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Metacognitive development in a college-level geometry course for pre-service elementary teachers: A case study

Pope, Kansas Conrady

Scope and Method of Study: The purpose of this mixed methods naturalistic inquiry study was to develop a better understanding of how metacognitive development is embedded in an inquiry-based college level geometry content course for pre-service elementary teachers. Data included demographic information, pre- and post- instructor interviews with the one course instructor using an interview guide, pre and post open-ended student surveys with the students from her two sections, non-participant classroom observations of both course sections, documents such as the textbook and course syllabus, and a pre/post administration the Metacognitive Awareness Inventory.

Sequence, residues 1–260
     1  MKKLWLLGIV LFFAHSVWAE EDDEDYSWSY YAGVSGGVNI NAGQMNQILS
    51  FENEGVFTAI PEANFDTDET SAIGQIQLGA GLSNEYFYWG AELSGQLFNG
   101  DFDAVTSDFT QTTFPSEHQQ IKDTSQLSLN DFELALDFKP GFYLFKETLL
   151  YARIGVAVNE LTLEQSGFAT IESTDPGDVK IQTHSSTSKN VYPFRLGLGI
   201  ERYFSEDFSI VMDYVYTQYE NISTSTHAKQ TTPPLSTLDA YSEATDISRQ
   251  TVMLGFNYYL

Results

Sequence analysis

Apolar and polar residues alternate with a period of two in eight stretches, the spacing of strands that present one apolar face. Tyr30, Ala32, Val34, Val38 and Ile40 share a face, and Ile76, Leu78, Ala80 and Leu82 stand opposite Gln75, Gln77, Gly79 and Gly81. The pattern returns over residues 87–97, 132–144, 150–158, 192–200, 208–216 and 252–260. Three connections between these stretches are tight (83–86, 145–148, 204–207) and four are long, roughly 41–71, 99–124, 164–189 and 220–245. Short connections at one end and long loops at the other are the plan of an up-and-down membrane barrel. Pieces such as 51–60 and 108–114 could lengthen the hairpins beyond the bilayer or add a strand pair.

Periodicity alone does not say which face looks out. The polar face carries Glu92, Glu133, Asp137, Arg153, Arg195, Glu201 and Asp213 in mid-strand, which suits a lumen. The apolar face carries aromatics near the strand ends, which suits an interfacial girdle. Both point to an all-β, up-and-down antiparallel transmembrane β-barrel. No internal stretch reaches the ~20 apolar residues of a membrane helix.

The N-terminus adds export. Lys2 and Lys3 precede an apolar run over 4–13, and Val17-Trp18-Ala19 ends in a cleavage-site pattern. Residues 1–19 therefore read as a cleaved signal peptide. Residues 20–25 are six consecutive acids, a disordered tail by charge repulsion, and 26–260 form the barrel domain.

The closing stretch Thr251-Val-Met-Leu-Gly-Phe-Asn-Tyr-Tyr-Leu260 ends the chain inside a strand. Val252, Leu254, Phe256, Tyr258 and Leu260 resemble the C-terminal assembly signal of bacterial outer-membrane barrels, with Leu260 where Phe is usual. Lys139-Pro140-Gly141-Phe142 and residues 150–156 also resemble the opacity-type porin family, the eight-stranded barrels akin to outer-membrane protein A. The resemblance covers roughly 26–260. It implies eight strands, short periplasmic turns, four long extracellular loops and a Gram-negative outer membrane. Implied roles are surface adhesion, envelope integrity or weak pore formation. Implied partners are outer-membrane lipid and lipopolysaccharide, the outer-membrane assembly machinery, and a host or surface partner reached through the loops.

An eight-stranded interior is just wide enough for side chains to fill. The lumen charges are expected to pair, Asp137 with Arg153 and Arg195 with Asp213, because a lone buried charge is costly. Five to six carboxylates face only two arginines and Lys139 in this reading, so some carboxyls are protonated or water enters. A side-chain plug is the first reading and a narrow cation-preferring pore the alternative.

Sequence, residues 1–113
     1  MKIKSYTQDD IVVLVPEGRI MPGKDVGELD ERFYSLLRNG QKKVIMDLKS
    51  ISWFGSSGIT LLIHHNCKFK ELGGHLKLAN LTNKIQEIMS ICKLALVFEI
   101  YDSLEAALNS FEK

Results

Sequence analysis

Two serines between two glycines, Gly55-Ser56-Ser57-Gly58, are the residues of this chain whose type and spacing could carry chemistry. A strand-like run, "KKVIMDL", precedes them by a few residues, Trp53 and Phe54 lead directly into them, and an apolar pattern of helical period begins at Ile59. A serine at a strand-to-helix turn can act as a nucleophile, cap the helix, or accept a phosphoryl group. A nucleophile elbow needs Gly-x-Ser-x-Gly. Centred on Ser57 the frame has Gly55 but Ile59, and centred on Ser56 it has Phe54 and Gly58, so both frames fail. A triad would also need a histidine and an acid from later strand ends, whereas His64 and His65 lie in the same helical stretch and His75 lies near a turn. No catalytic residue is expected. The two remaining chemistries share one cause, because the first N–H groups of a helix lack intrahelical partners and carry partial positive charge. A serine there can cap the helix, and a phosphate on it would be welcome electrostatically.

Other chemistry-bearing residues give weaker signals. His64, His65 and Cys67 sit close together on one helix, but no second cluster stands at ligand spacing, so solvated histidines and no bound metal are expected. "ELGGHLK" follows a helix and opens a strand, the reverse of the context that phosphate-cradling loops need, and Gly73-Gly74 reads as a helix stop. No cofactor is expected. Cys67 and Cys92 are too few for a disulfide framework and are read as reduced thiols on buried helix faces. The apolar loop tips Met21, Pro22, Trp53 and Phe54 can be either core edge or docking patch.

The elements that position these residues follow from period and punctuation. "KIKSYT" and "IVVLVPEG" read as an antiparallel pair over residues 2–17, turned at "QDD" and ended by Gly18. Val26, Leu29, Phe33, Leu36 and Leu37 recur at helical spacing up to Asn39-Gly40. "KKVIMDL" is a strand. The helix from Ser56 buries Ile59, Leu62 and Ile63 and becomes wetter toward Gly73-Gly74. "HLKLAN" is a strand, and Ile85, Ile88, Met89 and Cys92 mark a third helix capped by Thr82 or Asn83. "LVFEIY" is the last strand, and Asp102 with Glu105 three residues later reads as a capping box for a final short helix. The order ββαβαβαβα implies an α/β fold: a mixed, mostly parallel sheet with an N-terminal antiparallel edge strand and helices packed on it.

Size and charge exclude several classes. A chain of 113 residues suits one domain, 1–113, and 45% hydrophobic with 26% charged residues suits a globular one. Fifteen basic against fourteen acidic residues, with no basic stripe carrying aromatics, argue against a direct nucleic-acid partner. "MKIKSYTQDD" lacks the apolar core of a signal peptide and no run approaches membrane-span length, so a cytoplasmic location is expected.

Findings and Conclusions: The analysis of the qualitative data suggests the presence of an underlying classroom structure that promotes the sharing of thinking and importance of class discussions to encourage metacognitive development, but there is a need to help students refine their thinking to make discussions more effective. In this classroom, more metacognitive knowledge is modeled than metacognitive regulation. Students do provide many of the modeling episodes, especially models of procedural knowledge, however; the instructor prompts the students through almost all episodes of modeled conditional knowledge and regulation episodes. Explicit modeling of each subcomponent of metacognition is needed and the development of an effective learning community where students freely share and collaborate would make this classroom more effective at promoting metacognitive development. Due to a delay in the administration of the pre-MAI, it was not possible to determine if the course impacted students' metacognitive awareness. Further exploration of metacognitive development is warranted and ideas for future studies are presented.